Ron Jaworski’s The Games That Changed The Game
ESPN broadcaster Ron Jaworski played 17 seasons in the NFL, including a long run from 1977 to 1986 as quarterback for the Eagles. His new book, The Games That Changed the Game, covers seven NFL contests, describing, in rigorous detail, how such innovations as the “cover 2” and the “zone blitz” impacted the sport. Along the way “Jaws,” as he’s known, sprinkles the narrative with some personal details, including a bombshell about how he sometimes wonders how his life might be different if he had played, not in Philadelphia, but San Diego. Philly Mag contributing writer Steve Volk got him on the phone this week to talk cheesesteaks, football strategy, and more.
Steve Volk: I’ll have a few more Philadelphia-related questions later, but let’s get the important one out of the way: Pat’s or Geno’s.
Jaws: Oh c’mon. It’s a tie.
SV: Are you running for office?
Jaws: Hey, we gotta be politically correct about this. There’s no way you’ll get me to choose.
SV: I’m impressed. Good call. So what was the genesis of the book? Was this an idea you’d been kicking around for a whole.
Jaws: One of my coauthors, Greg Cosell, and I had first brought this up a few years ago. We’ve been sitting here at NFL Films watching game tape for 20 years, watching football and looking at the coaching tape. We’re sitting here looking for a life and don’t have one! But we’ve had fun, and what we’ve learned is that literally every week we encounter some new scheme, some change in the game or some innovative design, that we thought ‘Wouldn’t it be great to collect that and figure out what were the game’s greatest innovations?’ That’s how it started.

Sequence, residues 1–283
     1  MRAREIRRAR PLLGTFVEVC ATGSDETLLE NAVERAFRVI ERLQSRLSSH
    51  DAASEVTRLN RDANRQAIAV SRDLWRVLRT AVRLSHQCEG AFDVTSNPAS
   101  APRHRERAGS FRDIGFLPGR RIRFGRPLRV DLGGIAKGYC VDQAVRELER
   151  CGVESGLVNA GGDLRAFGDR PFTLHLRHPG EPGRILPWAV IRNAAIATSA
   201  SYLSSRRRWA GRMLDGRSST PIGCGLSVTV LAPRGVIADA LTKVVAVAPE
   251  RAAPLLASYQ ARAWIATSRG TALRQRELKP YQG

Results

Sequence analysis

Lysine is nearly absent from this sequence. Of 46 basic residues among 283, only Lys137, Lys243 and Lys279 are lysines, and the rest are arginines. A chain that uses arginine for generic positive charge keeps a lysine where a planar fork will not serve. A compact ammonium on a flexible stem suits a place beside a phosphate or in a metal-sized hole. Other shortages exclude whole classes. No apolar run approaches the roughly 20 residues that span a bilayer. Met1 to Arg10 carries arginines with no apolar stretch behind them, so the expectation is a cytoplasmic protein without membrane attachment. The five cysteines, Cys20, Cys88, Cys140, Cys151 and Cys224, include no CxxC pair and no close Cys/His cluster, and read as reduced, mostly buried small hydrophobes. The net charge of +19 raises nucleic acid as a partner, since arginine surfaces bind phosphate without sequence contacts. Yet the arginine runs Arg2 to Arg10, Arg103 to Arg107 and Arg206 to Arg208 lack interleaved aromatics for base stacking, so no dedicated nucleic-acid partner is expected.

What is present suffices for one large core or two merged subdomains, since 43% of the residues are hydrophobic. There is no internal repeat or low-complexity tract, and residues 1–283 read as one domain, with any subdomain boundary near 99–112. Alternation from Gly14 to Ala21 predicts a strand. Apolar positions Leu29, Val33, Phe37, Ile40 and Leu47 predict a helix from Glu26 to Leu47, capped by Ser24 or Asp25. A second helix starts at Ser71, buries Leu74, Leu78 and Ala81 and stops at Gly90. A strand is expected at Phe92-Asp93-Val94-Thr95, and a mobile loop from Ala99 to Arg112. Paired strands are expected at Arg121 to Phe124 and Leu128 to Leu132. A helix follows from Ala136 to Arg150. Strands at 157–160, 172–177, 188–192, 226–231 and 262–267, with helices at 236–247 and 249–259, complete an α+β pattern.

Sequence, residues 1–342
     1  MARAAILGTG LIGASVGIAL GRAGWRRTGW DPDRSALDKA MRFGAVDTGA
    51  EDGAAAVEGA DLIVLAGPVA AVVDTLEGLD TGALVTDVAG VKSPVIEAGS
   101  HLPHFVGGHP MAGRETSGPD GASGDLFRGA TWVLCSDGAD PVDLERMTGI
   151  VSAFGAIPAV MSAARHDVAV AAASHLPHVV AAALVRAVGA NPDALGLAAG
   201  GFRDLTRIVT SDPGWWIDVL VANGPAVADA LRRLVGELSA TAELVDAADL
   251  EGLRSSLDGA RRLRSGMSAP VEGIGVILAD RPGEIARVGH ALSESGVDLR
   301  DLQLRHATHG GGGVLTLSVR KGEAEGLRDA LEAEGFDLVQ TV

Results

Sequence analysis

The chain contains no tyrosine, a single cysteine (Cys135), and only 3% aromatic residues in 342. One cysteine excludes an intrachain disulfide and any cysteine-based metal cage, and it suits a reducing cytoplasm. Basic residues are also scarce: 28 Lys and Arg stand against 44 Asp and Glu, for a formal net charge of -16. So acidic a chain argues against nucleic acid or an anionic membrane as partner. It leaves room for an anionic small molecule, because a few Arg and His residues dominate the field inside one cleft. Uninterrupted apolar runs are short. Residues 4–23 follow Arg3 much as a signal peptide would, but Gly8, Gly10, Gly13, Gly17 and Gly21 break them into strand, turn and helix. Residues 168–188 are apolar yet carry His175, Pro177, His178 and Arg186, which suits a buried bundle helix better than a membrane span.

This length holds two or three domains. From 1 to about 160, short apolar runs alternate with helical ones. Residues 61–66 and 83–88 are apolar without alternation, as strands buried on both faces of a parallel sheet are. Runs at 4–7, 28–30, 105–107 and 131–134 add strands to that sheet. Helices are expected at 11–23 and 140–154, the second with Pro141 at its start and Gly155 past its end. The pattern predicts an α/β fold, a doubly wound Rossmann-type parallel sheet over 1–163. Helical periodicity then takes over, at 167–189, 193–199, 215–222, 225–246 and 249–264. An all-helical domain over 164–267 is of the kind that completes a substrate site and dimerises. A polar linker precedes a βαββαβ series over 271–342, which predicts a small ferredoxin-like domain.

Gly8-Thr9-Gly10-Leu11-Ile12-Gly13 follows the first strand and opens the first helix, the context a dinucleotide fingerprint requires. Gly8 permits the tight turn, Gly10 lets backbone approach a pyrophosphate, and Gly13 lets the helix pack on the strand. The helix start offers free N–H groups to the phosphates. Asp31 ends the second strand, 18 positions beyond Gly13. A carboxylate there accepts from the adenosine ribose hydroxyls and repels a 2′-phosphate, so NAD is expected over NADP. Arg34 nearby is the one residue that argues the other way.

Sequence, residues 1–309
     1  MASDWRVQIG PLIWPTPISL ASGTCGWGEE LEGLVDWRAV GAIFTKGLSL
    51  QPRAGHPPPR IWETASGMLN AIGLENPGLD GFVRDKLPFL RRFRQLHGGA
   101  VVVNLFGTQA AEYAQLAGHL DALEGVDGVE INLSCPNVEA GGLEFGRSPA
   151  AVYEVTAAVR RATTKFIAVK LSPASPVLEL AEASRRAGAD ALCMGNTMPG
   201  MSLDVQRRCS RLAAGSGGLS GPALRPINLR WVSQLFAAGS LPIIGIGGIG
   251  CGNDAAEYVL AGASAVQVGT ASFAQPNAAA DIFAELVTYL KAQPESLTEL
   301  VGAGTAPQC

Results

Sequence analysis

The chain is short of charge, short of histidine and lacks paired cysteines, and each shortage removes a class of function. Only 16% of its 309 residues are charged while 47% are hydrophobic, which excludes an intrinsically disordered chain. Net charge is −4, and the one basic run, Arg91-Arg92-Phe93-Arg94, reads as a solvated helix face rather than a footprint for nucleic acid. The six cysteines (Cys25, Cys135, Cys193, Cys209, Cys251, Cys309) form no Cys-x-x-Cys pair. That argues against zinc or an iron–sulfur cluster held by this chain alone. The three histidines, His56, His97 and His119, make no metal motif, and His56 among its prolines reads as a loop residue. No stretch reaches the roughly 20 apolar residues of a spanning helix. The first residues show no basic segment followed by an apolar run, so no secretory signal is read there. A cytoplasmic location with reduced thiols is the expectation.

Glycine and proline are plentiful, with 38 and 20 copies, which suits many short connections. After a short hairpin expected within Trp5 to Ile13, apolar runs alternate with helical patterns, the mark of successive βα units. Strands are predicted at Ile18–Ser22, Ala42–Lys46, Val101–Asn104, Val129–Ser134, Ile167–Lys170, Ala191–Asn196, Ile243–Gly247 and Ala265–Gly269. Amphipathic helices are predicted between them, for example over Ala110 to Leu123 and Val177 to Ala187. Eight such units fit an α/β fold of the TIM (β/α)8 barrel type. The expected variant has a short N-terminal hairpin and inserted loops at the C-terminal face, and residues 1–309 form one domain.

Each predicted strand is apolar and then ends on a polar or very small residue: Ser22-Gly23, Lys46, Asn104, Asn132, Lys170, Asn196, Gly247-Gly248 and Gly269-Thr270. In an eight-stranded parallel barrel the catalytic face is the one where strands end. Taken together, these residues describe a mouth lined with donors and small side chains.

SV: And how did it evolve from there?
Jaws: Well, that was the hard part, and it went on for about two years, was figuring out which games we were going to use to build our chapters around. We are ready to move onto book two, to tell you the truth, because we could easily have done 20 different games. And that was the hard part in narrowing it down to seven games.[SIGNUP]
SV: Just as a fan, looking over how the book was constructed, in chronological order with each new scheme getting a chapter, it seems no coincidence that there is an offensive innovation, and then one on the defensive side of the ball. Then there are a couple of wrinkles on offense, and then there is another major defensive innovation. Did you see your book as revealing the NFL as a kind of ongoing arms race? One side gets a new weapon and the other has to find some way of counteracting that, and that is the force that drives the game?
Jaws: Wow. I hadn’t thought of it in that language but that is totally true. It is an arms race. I mean, I was aware that’s how these things develop and evolve. I was talking to a coach from the Dolphins about what the Patriots did last week, coming out with five receivers and no one in the backfield and getting out into their patterns quickly, and we were talking about how can a defense respond to that. And I think the book does capture that sense of one innovation leading to another.